Oh, at the risk of analogy overload, I thought of another one while I was trying to keep images/lines from that cursed movie out of my head today. Bad images/words/etc are like files in a computer. You know when you try to delete one, and you get the message, "deleting this program's shortcut will not remove it from your computer" ? Even when you do uninstall it, it seems like all the files, cookies, images and connections it made on your computer linger for months afterward. The only solution to the problem is to never put the file on your hard drive in the first place.
While a bad file contaminates, we can also run the risk of a too large file slowing compution speed, impeding progress and even spreading and contaminating other programs and files, just like a bad or misplaced priority can slow our spiritual dexterity, impede eternal progression and contaminate other parts of life).

Back to the treehouse:

I cannot forget the danger of the edge in my creation of protective boundaries. I must remember the difference between the spirit AND the letter of the law in recognizing the distance between me and the edge, and between the edge and the ground.

For clarification: I am NOT saying we shouldn't have clearly defined boundaries--but we cannot let ourselves forget the dangers beyond the boundaries we have told ourselves we will not pass.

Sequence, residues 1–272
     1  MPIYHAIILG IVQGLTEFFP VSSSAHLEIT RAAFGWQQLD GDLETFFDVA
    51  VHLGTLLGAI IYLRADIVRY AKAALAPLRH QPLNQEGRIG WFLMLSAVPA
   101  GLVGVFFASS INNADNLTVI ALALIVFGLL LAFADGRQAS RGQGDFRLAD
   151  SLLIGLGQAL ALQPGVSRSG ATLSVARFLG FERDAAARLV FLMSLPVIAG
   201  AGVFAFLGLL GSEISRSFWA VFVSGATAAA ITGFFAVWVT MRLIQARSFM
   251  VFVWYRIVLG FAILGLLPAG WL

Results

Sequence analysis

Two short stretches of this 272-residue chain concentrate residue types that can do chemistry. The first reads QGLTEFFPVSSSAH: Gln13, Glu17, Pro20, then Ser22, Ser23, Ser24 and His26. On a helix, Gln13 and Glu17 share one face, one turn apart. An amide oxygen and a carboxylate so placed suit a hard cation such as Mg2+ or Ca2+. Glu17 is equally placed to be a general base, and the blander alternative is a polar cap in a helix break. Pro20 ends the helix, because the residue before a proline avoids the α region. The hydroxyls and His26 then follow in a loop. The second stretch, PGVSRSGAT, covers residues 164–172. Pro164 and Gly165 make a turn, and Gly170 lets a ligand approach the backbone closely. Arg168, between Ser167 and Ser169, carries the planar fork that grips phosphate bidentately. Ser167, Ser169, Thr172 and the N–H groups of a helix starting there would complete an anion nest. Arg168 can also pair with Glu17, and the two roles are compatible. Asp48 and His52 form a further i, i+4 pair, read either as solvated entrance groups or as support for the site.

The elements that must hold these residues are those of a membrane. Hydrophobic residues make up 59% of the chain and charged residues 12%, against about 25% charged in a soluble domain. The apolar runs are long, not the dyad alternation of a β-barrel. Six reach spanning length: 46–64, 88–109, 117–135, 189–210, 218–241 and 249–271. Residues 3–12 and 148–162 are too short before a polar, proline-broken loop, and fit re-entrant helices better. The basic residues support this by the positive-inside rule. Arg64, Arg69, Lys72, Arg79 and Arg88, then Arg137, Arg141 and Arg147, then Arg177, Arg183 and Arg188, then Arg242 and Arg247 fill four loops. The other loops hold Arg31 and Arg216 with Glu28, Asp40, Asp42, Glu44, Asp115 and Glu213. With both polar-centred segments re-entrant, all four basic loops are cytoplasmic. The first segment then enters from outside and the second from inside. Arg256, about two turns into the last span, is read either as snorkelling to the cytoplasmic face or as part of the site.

The road to hell is smooth and paved, not bumpy and twisting. If Satan can keep us oblivious, or better yet, content in our sins, it's a quick drop to him.

d

It's me again, Terina... being taught by the children.

Tuesday, August 4, 2009

I’m feeling the need to reread, “The Man Who Mistook His Wife for a Hat.” It’s a fun and interesting collection of case studies of a brain doctor. One story in the book speaks of a blind and disabled woman, who from birth couldn’t use her arms. There was no medical reason for it so the doctor set about changing her behavior, by challenging her. The only device he could use was her food. People serving her would deliver her food and then be called away and in her frustration to eat, she finally reached out and fed herself.

I am wondering why today I have been gifted with the memory of this story in this book--why today in the travails of my own life, has it come to my mind? I’m sure this doctor did not write this book to be a philosophical study of self-help and life change. So, why does my guide in today’s journey want me to sit with this question? (While I frantically cook, plan, pack, prepare and put away).

Am I this woman? What in my life has become too easy? Have I cultured habits that make me complacent and prevent me from reaching out to life? Do I need the “food challenge” to awake in me some great potential?

Am I this girl's early caregiver who must have succorred, cared and shielded her to her utter detriment. Am I preventing others from reaching out?

Or perhaps conversely, I am the doctor? What? There are several scenarios happening in different areas of my life that I can hold up and analyze and compare to this story.

The real end of the story is that the woman went on in her life to find joy in creating intricate and beautiful sculptures of life.

Hmmm, maybe that is what my creator wants me to think about today.